The hole in the tile of the abandoned Kentucky Fried Chicken was only eight inches in diameter.
“It was barely large enough to fit a 15-piece family bucket of chicken,” said San Luis Police Officer Duane Williams.
It could have easily been overlooked as just another deteriorating aspect of an dilapidated fast-food restaurant, had local police not known better.
After all, this wasn’t just any vacant KFC but one in San Luis, Arizona, situated some 200 yards north of the border the United States shares with Mexico.
“From the old drive-through lane, you can see the fence separating San Luis from Mexico in your rear-view mirror,” said Williams.
Back on August 13th, local police had arrested the building’s owner, Ivan Lopez, during a routine traffic stop.
Public records reveal that Lopez had bought the former KFC in April, paying some $390,000 in cash for the rundown restaurant.
Soon after Lopez’s arrest, Immigration and Customs Enforcement obtained a search warrant and surrounded the building.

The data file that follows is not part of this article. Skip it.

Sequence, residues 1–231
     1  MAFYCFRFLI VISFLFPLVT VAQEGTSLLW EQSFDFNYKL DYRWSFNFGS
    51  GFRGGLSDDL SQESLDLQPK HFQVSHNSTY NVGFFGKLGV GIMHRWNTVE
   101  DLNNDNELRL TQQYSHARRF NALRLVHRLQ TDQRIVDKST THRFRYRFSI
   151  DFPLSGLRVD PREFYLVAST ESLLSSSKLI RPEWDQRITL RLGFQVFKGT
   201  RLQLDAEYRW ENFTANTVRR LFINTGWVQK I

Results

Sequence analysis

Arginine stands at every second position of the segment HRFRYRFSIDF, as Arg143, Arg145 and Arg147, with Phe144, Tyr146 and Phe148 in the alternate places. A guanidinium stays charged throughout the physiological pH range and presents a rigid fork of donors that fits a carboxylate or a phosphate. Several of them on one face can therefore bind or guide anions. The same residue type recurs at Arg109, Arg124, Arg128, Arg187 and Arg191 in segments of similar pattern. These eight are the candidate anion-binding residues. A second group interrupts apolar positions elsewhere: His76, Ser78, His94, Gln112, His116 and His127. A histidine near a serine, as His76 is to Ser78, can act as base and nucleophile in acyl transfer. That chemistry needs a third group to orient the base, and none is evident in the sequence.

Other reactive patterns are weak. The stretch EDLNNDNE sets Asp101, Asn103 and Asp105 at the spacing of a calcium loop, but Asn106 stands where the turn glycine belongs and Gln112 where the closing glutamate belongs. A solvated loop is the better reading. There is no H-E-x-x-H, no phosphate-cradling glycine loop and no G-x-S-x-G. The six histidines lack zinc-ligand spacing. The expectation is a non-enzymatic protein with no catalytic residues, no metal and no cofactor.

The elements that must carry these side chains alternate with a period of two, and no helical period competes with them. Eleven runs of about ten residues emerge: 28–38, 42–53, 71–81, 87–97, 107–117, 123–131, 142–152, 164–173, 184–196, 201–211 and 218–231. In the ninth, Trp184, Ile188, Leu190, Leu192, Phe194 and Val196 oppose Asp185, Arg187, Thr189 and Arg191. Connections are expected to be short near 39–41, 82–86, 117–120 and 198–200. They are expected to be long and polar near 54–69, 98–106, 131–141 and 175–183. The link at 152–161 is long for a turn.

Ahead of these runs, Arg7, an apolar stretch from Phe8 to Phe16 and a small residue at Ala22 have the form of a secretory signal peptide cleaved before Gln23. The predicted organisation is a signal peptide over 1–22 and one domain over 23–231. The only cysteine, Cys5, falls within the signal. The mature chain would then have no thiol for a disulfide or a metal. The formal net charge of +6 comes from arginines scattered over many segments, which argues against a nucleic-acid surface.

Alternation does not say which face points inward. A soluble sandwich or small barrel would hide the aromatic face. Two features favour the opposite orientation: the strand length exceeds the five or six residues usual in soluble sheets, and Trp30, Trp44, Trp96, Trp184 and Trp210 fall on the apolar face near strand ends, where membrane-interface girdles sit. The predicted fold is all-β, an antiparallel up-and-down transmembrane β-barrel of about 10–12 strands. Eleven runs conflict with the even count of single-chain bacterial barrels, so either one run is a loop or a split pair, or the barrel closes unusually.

Once inside, the seasoned officers were shocked at what they found.
“This was no fried chicken joint any more,” said Williams. “This was the big time.”
The Hole Was Just the Beginning
The agents suspicions were confirmed with the discovery of an eight-inch opening along a wall in the restaurant’s rear kitchen area.
“You could have easily missed it, if you didn’t know what you were looking for,” said Officer Williams. “The whole building was in disarray. There were lots of holes.”
Agents chipped away at its sides and, as the concrete gave way, the hole became larger and larger.
One person shimmied down into the space and turned on a flashlight, scanning the surroundings.
Hundreds of wooden two-by-four boards lined the walls…
The Secret Tunnel Was an Underground Drug Highway
The discovery prompted the inevitable comparisons to Breaking Bad and Los Pollos Hermanos.
Countless news stories relayed the tunnel’s dimensions: three feet wide, five feet tall, and about 600 feet long.